The popularity of Kalamkari grew, and Pedana residents wanted a faster way to make and sell Kalamkari fabric. And that gave rise to screen-printed Kalamkari.

As fake Kalamkari takes over the market the original form struggles to survive
Delve Kalamkari Monday, July 30, 2018 - 14:52

Pedana, a small town near the coastal town of Machilipatnam in Andhra Pradesh is the largest hub in the country for hand block printed Kalamkari. Today, most of the Kalamari fabric you find in stores in across India comes from here.

Pitchuka Srinivas, based out of Pedana is one of the only artisans in the country who still follows the original technique of hand-block printed Kalamkari.

“Over 90% of the Kalamkari you get here in India is fake. Wherever you see it, online and elsewhere, it’s not block printed, its screen printed Kalamkari, made with chemical colours,” claims Srinivas.

Kalamkari has been around for nearly 2000 years in India. The word Kalamkari is a combination of Kalam, which means pen, and kari, which means work.

Hand block-printed Kalamkari is a tedious and time-consuming process involving a minimum of 10 steps. Therefore, it can take days to produce one original hand block-printed Kalamkari bedsheet or saree.

As the popularity of Kalamkari grew not just in India, but abroad as well, residents of Pedana wanted a faster way to make and sell Kalamkari fabric. That’s how screen printing came into existence.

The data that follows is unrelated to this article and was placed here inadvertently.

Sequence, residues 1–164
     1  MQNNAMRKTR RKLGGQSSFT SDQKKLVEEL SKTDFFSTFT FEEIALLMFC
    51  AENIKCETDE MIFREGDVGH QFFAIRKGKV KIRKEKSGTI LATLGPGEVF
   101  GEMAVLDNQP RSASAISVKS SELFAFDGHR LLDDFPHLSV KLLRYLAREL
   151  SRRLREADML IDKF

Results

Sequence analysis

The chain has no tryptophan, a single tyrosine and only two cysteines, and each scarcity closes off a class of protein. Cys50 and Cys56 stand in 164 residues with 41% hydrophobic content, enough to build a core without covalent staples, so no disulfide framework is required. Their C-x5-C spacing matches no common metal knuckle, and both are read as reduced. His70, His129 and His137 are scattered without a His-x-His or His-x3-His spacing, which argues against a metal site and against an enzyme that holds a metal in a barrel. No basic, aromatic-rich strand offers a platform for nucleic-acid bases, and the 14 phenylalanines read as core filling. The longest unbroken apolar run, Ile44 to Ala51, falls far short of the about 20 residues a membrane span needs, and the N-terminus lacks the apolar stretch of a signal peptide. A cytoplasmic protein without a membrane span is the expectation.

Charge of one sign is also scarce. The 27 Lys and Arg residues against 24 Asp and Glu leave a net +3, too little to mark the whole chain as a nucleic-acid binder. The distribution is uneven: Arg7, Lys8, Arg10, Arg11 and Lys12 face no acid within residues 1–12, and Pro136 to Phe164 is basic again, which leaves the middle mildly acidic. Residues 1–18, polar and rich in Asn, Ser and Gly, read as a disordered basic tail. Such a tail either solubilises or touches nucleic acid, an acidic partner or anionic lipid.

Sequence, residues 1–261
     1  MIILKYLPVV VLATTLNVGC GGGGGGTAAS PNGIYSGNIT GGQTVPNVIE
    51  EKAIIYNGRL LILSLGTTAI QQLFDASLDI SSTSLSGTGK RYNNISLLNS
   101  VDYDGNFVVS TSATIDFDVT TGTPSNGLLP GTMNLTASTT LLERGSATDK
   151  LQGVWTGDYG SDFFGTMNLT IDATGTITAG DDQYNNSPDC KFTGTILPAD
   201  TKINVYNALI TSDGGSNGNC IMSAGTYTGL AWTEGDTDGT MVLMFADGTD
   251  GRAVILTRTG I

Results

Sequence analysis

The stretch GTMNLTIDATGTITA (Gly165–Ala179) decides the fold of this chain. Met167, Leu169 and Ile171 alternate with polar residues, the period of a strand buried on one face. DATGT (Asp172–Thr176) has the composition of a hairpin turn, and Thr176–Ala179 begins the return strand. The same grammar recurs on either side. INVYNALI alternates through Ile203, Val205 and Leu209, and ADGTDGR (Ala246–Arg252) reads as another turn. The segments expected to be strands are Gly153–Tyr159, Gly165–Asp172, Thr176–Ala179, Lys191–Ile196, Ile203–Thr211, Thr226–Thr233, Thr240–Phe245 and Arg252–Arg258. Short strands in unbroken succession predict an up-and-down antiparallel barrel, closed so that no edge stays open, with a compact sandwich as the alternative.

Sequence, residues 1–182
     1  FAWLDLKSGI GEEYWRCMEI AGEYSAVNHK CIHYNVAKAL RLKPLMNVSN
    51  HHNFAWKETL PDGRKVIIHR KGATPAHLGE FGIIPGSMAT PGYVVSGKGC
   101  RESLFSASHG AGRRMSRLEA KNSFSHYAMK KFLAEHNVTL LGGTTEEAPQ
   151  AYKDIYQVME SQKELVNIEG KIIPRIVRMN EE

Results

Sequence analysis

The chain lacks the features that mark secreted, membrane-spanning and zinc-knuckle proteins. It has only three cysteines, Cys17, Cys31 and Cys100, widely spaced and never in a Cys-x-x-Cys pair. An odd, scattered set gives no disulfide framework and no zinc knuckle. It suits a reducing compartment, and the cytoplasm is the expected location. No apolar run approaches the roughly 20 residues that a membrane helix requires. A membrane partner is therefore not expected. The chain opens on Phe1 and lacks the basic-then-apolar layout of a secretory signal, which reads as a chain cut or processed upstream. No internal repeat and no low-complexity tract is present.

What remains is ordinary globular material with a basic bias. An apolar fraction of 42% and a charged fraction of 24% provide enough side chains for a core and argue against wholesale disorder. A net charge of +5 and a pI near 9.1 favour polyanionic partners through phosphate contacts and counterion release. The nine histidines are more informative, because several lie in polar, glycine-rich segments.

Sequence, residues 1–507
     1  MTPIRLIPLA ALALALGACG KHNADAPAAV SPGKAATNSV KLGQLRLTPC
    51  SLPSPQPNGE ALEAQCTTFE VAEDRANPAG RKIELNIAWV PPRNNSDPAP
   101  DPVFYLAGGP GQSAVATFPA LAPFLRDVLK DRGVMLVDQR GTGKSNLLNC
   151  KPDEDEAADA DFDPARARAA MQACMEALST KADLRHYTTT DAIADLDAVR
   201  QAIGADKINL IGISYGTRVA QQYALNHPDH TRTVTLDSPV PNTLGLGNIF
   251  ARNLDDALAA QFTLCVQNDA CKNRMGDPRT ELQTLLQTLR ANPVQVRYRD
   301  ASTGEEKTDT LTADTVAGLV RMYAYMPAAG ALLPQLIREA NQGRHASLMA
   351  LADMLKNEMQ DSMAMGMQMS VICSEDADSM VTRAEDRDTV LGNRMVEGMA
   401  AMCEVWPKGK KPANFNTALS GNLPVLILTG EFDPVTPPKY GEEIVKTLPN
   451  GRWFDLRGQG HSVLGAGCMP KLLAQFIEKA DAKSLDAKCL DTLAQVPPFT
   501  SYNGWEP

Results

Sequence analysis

There is a clear difference between block-printed and screen-printed Kalamkari. But at first sight, it is difficult to tell the difference. As a result, screen printed Kalamkari is being sold across the country from small markets to branded handloom stores.

Cost is also a big differentiator. The cost is at least Rs 120-150 a metre. However, the same metre costs only Rs 50-70 for screen-printed fabric. As a result, people started opting for the brighter, cheaper fabric, which further made screen-printed Kalamkari a profitable business.

In fact, Pedana Kalamkari also has the Geographical Indications (GI) tag. However, screen printing violates the very process that Pedana Kalamkari is associated with, thus violating the GI tag.

As a result, Srinivas doesn’t have a market in India and exports to the US, Netherlands, Japan and a few other European countries.

Watch the video below:

Also read: As fake Kalamkari takes over the market, the original struggles in Andhra’s Pedana